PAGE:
Carragee et al., in a study investigating variations in discectomy technique for the management of patients with large anular defects, found that although subtotal discectomy, with its more extensive removal of disc material, substantially decreased the rate of recurrent lumbar disc herniation when compared with the limited discectomy technique (9% compared with 18%), it also led to inferior clinical outcomes and patient satisfaction6. Similarly, McGirt et al., in a comprehensive review of the literature, reported a higher rate of recurrent lumbar disc herniation, but a lower rate of long-term recurrent back pain, in association with limited removal of disc material25.

For the high-risk group of patients undergoing discectomy for treatment of intervertebral disc herniation, an optimal surgical outcome necessitates maintaining a maximum amount of disc tissue in order to minimize disc degeneration, loss of intervertebral disc height, and resulting back pain while also mitigating the risk of recurrent disc herniation. Consequently, the treatment goal should be a surgical technique that permits a discectomy with limited nucleus removal, but also effectively repairs or closes the anular defect.

Strengths and Limitations of Present Study

The relative strengths of the present study include the size of the cohort, the prospective enrollment of patients, the collection of data at multiple centers, and the high rate of follow-up at 2 years. Additionally, the consistency of the demographic characteristics of the patients in the present study with those in the studies by both Carragee et al. and Kim et al. offers considerable validation of the rate of recurrent lumbar disc herniation in patients with a large defect and limited discectomy5,18.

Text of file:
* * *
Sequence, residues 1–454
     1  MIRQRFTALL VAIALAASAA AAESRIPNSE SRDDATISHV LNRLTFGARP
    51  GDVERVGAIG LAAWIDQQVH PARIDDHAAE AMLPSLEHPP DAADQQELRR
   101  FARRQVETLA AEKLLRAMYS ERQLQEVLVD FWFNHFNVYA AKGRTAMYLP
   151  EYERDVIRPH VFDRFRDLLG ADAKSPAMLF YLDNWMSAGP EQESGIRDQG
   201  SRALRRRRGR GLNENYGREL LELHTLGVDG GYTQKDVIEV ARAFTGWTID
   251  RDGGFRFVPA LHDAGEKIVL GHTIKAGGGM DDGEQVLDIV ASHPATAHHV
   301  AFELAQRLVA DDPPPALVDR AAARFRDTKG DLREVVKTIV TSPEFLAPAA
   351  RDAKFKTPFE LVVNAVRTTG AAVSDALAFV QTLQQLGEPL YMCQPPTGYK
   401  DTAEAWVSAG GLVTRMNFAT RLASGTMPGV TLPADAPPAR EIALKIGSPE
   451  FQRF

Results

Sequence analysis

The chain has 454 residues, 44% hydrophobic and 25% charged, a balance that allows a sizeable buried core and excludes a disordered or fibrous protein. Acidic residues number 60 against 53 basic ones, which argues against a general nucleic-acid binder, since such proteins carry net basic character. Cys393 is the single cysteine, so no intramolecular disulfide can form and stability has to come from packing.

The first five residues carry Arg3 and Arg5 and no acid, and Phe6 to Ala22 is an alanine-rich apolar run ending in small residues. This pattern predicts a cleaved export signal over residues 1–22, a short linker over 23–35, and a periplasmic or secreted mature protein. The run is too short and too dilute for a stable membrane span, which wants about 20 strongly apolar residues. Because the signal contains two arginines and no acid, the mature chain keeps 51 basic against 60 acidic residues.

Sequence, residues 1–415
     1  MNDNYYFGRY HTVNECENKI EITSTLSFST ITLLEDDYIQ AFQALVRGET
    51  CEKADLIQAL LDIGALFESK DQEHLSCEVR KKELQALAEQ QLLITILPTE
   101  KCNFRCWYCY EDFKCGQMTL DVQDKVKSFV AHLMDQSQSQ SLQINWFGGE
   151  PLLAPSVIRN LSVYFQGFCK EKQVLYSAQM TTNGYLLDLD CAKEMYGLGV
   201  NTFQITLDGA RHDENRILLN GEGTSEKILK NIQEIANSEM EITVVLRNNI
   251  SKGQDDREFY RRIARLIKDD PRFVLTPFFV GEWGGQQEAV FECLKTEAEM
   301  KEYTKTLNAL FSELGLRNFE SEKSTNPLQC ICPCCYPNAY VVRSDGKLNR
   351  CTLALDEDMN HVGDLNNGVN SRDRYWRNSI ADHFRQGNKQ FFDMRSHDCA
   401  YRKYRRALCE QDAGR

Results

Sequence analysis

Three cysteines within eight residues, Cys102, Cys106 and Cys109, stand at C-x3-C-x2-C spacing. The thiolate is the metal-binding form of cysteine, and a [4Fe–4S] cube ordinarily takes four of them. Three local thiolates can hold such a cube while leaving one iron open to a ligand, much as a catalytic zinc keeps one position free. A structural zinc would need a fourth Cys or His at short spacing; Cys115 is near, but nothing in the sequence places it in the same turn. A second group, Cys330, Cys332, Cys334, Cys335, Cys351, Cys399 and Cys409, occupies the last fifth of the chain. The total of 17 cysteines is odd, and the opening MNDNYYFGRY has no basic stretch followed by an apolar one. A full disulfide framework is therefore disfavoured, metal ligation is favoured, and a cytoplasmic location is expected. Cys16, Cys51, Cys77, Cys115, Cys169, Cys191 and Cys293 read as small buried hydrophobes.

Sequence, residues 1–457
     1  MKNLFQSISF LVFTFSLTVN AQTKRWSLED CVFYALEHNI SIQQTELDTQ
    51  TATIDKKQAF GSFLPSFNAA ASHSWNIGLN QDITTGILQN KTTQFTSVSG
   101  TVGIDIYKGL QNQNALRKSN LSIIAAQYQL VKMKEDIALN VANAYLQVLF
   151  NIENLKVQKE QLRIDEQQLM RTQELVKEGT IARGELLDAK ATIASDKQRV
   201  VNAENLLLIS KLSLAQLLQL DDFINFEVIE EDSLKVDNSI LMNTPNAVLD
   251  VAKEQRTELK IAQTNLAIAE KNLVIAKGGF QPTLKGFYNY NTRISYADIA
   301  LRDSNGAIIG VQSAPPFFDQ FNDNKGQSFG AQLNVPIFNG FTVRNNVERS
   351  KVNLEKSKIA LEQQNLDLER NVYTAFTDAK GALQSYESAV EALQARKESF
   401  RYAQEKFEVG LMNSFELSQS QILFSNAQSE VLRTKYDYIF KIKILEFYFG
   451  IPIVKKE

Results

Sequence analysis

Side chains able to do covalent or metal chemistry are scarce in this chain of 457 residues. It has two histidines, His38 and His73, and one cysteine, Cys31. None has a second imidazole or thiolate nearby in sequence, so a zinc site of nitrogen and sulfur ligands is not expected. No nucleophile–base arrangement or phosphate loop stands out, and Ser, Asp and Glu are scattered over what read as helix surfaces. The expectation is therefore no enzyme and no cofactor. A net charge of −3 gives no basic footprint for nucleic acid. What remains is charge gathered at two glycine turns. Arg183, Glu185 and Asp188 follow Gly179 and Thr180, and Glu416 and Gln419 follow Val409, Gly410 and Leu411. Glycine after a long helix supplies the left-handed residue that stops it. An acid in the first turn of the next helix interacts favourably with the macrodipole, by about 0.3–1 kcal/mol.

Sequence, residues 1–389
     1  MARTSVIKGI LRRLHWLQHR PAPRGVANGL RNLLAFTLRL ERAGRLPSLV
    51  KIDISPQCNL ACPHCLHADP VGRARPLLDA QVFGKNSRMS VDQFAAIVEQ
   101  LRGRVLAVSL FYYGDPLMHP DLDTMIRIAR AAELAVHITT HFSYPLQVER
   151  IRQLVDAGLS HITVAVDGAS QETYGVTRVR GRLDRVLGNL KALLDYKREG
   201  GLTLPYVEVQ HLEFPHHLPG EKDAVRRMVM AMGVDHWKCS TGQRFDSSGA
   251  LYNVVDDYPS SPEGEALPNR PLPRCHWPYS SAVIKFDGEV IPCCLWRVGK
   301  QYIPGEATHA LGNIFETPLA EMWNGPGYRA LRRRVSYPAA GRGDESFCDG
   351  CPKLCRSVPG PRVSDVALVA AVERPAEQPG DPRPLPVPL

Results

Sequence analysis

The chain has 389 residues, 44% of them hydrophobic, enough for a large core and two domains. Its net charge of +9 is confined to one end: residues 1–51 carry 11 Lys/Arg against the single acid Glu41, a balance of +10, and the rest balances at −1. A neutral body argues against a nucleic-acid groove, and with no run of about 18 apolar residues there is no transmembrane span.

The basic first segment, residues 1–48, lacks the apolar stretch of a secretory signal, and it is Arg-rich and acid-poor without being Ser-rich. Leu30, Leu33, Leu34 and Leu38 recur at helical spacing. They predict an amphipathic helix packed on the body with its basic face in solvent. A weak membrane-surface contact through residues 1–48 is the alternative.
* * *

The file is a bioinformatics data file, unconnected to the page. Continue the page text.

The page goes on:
The present study had slight variations from the cited studies (e.g., defect measurement technique and duration of follow-up). However, such nuanced differences do not substantially limit the conclusions of the current study.

In conclusion, the present study offers the most definitive evidence to date in establishing that patients with large anular defects who have undergone limited discectomy are a well-defined, high-risk surgical population. Among those with large anular defects (width, ≥6 mm), females ≤50 years of age had the highest risk (∼10 times higher) of recurrent lumbar disc herniation. Further stratification of the risk factors within this cohort may provide additional useful information. It is recommended that an anular repair or closure should be performed after limited discectomy in patients with large anular defects.


The authors thank the members of the Anular Closure RCT Study Group for their diligent work on this study and Telos Partners for their editorial assistance on the manuscript.

Investigation performed at OLV Ziekenhuis, Aalst, Belgium, Charité Universitätsmedizin, Berlin, Germany, University Hospital, Kiel, Germany, Department of Neurosurgery, Universitätsmedizin Mannheim, Mannheim, Germany, and the Department of Orthopedic Surgery, NYU Orthopedic Hospital, New York, NY

Disclosure: The parent RCT from which this study sample was drawn was funded by Intrinsic Therapeutics, Inc., the manufacturer of the medical device used in the study. On the Disclosure of Potential Conflicts of Interest forms, which are provided with the online version of the article, one or more of the authors checked “yes” to indicate that the author had a relevant financial relationship in the biomedical arena outside the submitted work (